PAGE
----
Pro Logic: Breaking 4 Bad Hair Habits Friday 26 October, 2012

Celebrity hairstylist Philip B. lines up four bad hair habits, and tells you how to knock them all down.

None of us are perfect. And yet we’re always seeking perfection—especially with our hair. When it comes to tresses, though, we self-sabotage by way of heat-styling, hair-dying and, apparently, feeding into the following four bad habits laid out by celebrity hairstylist and treatment expert, Philip B. (P.S.: Halle Berry and Charlize Theron are big fans of his Botanicals line.) Every bad habit can be broken, and Philip gives his advice on how to do so.

Guilty of: Brushing Wet Hair

Philip says: “Your hair is weaker and more elastic when wet, so brushing it can lead to breakage and split ends. Make sure to follow this styling commandment: Comb hair when it’s wet and brush when it’s dry.”


Guilty of: Over-drying

Philip says: “If you have hair color or chemically-treated hair, or you flat-iron often, beware! Heat-styling tools and chemical treatments burn precious moisture out of your hair. Unless you replace that moisture with frequent treatments (he suggests 2 to 4 times per week), eventually it will start breaking off. To keep hair healthy, turn down the heat as much as you can and treat your hair to frequent oil treatments. I love my Rejuvenating Oil for this, but plain olive oil can work in a pinch.”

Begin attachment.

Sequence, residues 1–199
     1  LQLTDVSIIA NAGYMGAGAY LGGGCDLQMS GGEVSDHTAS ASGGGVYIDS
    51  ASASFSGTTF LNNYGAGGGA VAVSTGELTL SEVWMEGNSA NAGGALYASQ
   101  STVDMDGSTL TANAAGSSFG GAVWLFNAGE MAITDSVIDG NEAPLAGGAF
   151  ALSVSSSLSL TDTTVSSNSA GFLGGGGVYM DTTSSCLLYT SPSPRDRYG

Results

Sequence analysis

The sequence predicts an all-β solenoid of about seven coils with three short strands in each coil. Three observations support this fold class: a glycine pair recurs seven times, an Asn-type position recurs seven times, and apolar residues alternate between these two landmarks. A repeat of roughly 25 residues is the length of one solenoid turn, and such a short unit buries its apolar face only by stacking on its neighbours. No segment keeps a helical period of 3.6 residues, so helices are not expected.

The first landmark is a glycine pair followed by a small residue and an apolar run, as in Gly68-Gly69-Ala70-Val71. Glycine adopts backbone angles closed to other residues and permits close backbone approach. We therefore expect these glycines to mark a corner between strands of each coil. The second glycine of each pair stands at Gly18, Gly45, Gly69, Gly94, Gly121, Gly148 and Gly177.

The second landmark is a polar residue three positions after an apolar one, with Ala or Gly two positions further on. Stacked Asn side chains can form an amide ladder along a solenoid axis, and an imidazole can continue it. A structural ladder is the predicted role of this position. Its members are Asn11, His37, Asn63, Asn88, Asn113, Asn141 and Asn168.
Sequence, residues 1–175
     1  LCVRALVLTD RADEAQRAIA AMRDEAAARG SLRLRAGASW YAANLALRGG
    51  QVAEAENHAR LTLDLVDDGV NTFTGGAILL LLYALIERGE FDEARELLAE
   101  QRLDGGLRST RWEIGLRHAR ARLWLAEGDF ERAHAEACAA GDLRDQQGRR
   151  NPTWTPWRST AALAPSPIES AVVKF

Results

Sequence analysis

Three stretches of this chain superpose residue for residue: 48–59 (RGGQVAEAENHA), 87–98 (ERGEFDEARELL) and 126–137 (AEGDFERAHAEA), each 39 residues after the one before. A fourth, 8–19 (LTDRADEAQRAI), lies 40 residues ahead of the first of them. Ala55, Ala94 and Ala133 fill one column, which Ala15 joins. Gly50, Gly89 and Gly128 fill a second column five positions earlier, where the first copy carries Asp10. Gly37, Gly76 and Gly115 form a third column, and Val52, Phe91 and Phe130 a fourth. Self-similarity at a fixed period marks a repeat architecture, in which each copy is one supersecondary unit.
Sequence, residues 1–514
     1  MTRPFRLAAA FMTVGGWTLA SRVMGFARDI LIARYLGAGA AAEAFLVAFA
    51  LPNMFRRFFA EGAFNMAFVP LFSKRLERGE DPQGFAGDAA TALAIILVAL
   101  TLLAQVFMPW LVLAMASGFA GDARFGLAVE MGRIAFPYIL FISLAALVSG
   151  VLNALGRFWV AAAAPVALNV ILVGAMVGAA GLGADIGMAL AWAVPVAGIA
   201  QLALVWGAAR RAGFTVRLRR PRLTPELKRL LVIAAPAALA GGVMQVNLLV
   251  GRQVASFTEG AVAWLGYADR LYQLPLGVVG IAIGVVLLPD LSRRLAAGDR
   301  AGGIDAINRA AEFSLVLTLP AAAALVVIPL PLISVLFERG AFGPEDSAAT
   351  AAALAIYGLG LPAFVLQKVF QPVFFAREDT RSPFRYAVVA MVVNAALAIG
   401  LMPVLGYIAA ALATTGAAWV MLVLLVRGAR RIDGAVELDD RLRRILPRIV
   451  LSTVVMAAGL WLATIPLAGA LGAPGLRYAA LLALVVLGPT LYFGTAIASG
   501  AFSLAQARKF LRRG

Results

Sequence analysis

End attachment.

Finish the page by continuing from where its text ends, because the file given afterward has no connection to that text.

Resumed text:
Guilty of: Not Protecting Bleached Hair

Philip says: “While it was tempting to dive in the pool during the hot summer, I’m sure it left your bleached strands looking a lot like greenish straw. Bleach is drying and makes hair more porous, and chlorinated water also strips moisture from your hair—plus, it contains metals that can seep in and leave a greenish tint. Now that summer is officially over, soak strands in a vinegar-and-water bath to help eliminate some of the remaining chlorine molecules. After that, an oil treatment is key to restoring moisture and shine.”


Guilty of: Neglecting to Brush

Philip says: “A good brushing is an exfoliation treatment for your scalp. It stimulates cell turnover to make your hair stronger and healthier; drags the natural conditioning oils from your scalp to your ends to keep them shiny and moisturized; and also buffs the hair cuticle to boost overall glossiness. But forget the old wives’ tale about brushing your hair 100 times each night—it’s excessive and might be damaging. Instead, aim for 10 to 20 strokes, depending on the thickness of your hair. Tip: Use a pure boar bristle brush if you have fine, wispy hair; if your hair is normal to thick, look for a brush that contains a mix of natural boar’s hair and nylon bristles. You can find good boar’s hair brushes in fine department stores or salons.”

Which bad hair habit are you guilty of? Share in the comments below!

Karie L. Frost Signature

(Photo via Beauty Launchpad)


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  • Clare says:

    GAh- the flat iron will be the death of my crowning glory— any suggestions around this? I love straight hair, but mine is naturally wavy– what about rebond? Is this bad for the hair too?

  • admin says:

    Clare: I’m not sure what “rebond” is in terms of hair straightening. What you could do is try a Keratin retexturizing service, which purports to take the frizz and some of the wave out of hair, making it easier to style. But, depending on your hair texture, you may still need to use a flat iron to straighten. You can find Keratin retexturizing service in many salons – it is NOT straightening. Make sure to do your homework. Good luck!

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